Flexible schedules – The weather has been brutally cold here lately.  This week we had a few breaks where things were a little warmer and the kids were able to go outside and enjoy the sunshine.  We even went skiing one morning!  We still logged 30 hours of school.  I know some people act concerned when homeschoolers are out having fun while other kids are in school, but it is actually good preparation for white collar and independent work situations.  The work is always there.  You have to find ways to schedule your time to accomplish your goals, but make sure life isn’t completely taken over by work.  This is one of the major adjustments students have to make in college.  They’ve never had the ability to schedule their own time and it can be a difficult skill to learn.  I’m glad we are getting practice now.

Meaningful volunteer opportunities – I enjoy that homeschooling gives me the time and flexibility to work on projects that are meaningful to me.  I’ve gotten involved in a group that is supporting the growth of FIRST LEGO League in our area.  It’s great to be able to contribute to increasing STEM learning.

We started this homeschool journey four years ago as an experiment.  Every year things change a little.  We find more and more experiences we enjoy and groups that fit us well.  Things are always changing, but each year I grow more and more thankful that we took the path less travelled.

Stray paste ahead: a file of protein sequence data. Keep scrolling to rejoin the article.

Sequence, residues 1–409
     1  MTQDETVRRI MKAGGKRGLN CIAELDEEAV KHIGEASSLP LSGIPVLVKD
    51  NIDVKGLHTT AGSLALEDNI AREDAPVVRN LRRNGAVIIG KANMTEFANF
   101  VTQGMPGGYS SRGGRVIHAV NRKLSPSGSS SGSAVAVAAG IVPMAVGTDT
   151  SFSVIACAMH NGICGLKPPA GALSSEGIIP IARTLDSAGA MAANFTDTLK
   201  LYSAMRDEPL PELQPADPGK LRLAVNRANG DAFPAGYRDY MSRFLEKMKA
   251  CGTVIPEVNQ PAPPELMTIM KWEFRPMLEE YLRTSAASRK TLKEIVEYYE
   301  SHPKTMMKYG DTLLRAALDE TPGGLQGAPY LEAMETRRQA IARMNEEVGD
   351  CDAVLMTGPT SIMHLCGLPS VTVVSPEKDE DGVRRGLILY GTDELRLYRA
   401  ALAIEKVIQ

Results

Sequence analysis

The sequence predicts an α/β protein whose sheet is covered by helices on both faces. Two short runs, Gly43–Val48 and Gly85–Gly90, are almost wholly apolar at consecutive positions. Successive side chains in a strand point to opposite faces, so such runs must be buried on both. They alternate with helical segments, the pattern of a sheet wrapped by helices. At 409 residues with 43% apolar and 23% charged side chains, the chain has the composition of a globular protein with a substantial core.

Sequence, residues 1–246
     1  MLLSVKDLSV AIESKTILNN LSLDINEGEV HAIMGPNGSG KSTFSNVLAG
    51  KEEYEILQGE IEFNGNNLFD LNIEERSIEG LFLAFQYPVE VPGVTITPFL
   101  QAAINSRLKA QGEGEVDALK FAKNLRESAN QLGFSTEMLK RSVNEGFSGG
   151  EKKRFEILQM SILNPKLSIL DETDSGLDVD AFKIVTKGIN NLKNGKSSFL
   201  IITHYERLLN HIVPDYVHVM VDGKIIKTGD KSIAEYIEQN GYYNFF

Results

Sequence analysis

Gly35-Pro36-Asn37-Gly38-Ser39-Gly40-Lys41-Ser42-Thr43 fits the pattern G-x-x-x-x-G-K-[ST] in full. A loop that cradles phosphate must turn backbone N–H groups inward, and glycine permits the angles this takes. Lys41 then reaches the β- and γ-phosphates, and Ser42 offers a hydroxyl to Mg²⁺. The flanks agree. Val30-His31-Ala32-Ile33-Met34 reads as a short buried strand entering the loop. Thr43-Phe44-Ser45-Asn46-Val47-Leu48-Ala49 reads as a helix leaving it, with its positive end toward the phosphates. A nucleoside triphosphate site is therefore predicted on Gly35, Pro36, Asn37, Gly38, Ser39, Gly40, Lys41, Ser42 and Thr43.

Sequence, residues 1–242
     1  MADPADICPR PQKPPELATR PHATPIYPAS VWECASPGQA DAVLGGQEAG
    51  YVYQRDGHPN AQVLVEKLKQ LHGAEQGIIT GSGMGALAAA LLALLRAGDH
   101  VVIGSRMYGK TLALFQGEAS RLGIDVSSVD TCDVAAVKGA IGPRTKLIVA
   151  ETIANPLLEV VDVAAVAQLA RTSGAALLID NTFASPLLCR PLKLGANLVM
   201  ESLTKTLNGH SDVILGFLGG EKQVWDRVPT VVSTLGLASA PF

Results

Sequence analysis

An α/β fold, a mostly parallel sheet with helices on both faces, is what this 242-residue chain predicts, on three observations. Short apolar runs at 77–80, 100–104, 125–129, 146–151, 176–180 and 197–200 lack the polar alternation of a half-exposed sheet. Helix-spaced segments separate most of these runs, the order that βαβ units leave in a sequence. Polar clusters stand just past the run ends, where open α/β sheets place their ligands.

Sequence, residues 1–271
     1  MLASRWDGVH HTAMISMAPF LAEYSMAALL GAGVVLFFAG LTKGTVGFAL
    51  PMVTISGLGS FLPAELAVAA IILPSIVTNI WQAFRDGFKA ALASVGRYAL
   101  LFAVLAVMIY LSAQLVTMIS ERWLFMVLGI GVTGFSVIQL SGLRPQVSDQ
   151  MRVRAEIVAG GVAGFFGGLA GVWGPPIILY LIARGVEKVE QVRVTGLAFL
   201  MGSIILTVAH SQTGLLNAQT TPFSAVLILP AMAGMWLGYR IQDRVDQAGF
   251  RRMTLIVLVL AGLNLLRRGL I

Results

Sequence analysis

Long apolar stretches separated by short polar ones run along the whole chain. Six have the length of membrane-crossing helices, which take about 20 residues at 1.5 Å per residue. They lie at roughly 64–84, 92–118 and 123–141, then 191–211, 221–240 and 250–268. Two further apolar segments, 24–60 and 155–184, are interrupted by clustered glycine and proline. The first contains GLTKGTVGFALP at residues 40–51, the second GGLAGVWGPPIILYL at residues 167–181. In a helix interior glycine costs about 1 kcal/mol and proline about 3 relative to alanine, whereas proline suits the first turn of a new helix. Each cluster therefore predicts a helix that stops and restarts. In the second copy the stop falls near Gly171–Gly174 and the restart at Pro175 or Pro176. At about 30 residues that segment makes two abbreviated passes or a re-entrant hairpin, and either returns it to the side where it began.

What Went By : Elementary Science Olympiad

Today I’m focusing on resources to help you prepare for the “What Went By” event at an Elementary Science Olympiad.  If you have a child interested in animals and nature you will enjoy this list as well.
Wild Tracks! by Jim Arnosky is a fantastic resource.  It may look like a child’s picture book from the outside, but it is full of helpful information and LIFE-SIZE Prints.  Kids will learn that hoofed animals walk and run on their toes and wildcats use the same tracks over and over again, however this book stays away from scientific terms such as digitigrade and direct register.  Instead it is written in a friendly, digestible form perfect for independent learning even at younger ages.  The tracks examined are mostly common mammals of North America.